Although not all of the roots of therapeutic residential childcare can be found within psychoanalytical thought, it is from these theories that key concepts have been taken to help staff understand the work undertaken with the emotionally damaged children who are placed in therapeutic communities. It is worth acknowledging that these theories have a context of their own and stem from a western European society and reflect a westernised view of identity and what constitutes a healthy ‘self’. As Owusu-Bempah states, ‘This conception of the self is alien to most cultures outside the West. These cultures emphasize interdependence, and so prepare their children for reciprocal relationships in adulthood with the social, physical and spiritual worlds.’ (1997: 305). The societal context for the work that I am describing, however, is predominantly western European and it is not the intention in this paper to explore the cultural relativity of therapeutic community work. Future work may be fruitful in exploring the efficacy of the therapeutic community approach for children trans-culturally placed within them as well the fact that so few children are (Fitzgerald cited in Kahan 1994).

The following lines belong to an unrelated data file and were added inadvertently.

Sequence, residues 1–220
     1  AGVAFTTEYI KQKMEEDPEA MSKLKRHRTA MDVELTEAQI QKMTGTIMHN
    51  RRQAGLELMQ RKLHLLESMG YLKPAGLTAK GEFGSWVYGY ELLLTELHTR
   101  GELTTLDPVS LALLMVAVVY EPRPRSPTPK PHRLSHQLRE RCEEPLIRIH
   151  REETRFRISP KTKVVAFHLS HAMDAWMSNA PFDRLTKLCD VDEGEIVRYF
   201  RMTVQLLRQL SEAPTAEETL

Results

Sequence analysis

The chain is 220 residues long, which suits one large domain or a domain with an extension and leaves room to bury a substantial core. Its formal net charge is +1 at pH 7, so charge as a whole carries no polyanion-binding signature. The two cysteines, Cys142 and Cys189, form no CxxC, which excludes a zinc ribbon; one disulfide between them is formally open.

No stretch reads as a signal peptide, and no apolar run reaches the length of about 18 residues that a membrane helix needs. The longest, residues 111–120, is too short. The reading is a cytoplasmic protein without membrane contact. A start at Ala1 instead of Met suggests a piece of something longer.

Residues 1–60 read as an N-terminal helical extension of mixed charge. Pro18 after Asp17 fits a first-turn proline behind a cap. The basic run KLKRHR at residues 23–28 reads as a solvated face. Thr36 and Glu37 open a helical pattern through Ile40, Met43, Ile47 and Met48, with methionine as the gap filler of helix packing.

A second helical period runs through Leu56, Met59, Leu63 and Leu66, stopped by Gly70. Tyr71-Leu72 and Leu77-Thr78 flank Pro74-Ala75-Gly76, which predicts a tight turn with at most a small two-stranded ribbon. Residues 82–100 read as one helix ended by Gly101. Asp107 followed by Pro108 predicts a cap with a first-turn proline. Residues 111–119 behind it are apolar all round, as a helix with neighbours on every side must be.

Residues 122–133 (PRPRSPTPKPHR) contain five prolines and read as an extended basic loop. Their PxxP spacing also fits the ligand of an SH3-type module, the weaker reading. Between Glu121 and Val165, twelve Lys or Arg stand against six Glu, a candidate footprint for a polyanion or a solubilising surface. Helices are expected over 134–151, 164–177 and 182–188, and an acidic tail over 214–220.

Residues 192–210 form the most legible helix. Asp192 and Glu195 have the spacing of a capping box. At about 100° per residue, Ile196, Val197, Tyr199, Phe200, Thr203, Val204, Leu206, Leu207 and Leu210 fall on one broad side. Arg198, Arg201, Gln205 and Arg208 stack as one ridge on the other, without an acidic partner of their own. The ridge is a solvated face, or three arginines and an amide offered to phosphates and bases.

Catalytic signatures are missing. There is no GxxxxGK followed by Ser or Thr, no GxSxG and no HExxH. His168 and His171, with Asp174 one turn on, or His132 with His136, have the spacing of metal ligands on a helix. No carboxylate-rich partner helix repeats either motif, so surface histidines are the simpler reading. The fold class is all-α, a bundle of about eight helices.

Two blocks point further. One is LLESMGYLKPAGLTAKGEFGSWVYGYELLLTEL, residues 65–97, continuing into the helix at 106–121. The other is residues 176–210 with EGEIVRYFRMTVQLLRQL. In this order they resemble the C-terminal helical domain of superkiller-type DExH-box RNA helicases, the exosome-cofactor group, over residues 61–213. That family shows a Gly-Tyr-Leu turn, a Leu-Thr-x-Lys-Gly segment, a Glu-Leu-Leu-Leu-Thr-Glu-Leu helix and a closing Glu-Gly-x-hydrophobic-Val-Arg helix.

For therapeutic work truly to take place within communities there needs to be an understanding of and willingness to study personal and interpersonal dynamics. At management level, though preferably not confined there, it is important that there is an understanding of group and organizational dynamics. As this paper will be discussing the work within therapeutic communities, it is important at this point to define the concepts and theories that I will be referring to.